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“What Partners has proposed looks like a modest first step, a sensible thing to do, but will it transform the way health care is delivered in Massachusetts, no,” said Jon Gruber, a health economist at the Massachusetts Institute of Technology.
Gruber said there’s no point in criticizing Partners for taking modest voluntary steps, but “transforming the way health care is delivered in Massachusetts is going to mean creating losers, and no one likes creating losers in our political system,” he said.
Others tell Martha that it's time for the rich hospitals, like the ones under the Partners umbrella, to take more of a financial hit:
Some consumer advocates say it’s time for Partners and other large, well funded hospitals to absorb some losses. Nancy Turnbull, an associate dean at the Harvard School of Public Health, applauds Partners’ effort to improve care. But Turnbull said hospitals with significant reserves, including Partners, must use some of that money to lower prices now.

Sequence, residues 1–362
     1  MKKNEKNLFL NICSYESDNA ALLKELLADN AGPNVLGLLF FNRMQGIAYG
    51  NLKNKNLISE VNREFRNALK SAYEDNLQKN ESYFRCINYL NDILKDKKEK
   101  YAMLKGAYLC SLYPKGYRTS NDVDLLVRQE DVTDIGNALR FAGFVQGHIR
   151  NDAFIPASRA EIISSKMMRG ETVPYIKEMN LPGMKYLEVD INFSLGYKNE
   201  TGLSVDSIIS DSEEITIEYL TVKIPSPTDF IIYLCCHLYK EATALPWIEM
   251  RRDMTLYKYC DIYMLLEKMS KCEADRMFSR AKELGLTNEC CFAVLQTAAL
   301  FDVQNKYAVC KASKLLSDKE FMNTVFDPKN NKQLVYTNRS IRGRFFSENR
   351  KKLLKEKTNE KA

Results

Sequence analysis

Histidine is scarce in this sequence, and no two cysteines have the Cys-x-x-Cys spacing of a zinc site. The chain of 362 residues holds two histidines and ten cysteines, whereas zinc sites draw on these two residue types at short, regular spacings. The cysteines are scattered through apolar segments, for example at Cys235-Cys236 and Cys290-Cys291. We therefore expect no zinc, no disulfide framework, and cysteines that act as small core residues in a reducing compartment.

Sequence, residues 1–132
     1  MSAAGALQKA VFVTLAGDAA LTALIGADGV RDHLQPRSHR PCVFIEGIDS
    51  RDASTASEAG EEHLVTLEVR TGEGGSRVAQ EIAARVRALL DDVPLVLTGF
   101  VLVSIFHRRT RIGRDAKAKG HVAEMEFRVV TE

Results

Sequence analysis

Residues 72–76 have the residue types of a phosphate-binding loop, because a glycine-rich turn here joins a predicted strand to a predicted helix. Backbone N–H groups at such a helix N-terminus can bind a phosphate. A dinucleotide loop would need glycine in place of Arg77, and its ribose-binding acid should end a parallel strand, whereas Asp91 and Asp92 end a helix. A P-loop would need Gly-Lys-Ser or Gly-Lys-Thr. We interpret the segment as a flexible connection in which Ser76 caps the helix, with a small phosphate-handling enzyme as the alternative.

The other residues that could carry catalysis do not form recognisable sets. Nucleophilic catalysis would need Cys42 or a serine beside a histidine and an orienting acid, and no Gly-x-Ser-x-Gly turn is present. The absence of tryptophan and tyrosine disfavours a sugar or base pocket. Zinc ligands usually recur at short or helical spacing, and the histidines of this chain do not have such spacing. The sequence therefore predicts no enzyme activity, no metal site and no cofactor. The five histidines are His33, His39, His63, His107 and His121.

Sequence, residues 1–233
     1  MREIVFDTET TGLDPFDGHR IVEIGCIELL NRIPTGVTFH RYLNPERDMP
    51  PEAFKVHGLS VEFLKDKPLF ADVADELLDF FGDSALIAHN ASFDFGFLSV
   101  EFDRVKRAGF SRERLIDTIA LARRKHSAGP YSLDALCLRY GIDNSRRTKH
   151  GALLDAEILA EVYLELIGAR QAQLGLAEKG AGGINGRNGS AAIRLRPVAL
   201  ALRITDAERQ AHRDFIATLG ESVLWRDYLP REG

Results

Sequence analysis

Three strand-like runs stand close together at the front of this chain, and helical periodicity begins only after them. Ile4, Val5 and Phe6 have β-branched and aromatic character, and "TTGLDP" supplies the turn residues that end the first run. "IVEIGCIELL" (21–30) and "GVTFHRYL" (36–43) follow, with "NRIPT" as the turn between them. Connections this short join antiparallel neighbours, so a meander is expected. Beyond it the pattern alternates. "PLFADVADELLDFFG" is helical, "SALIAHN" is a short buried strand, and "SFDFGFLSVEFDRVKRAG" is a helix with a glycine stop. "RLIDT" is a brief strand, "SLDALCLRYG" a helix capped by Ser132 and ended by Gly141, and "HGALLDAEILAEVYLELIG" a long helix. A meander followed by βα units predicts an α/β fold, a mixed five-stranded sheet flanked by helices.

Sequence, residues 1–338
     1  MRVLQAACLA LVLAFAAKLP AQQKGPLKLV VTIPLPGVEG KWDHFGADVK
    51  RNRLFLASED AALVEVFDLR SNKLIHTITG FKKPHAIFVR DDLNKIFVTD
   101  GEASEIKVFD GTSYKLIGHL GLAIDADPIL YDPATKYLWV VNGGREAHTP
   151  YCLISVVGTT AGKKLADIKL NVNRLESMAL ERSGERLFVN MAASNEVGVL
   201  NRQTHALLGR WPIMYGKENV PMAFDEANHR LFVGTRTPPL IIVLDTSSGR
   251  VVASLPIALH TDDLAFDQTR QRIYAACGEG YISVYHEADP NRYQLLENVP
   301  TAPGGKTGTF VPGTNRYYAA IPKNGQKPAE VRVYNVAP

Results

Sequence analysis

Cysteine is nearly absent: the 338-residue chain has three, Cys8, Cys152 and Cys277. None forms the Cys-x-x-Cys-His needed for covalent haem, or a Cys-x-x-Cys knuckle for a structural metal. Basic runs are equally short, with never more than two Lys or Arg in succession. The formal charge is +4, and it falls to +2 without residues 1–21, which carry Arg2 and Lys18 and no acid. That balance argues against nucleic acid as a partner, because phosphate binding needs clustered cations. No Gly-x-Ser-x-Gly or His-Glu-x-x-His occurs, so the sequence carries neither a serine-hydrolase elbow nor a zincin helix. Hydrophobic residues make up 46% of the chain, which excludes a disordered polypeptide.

“We need to have a really serious conversation about the level of resources at all of these institutions and how many of these resources could be directed in the short term to deal with what I view as an affordability crisis that we’re facing right now,” Turnbull said.
A state report out last year showed Partners with $4 billion in reserves. Partners said much of that money is tied up in leases or investments or was donated for a specific project. CEO Gary Gottlieb says Partners is still in negotiations with health insurers, that began early this year, about reducing prices guaranteed in current contracts.
“If we’re able to succeed in those re-negotiations, that should bring money right back to employers and employees” Gottlieb said. “I don’t know many other businesses in which someone with an existing contract would go back and say, ‘Look, is there a way we can take less money in this,’ and that’s what we want to do.”
This program aired on July 13, 2011. The audio for this program is not available.
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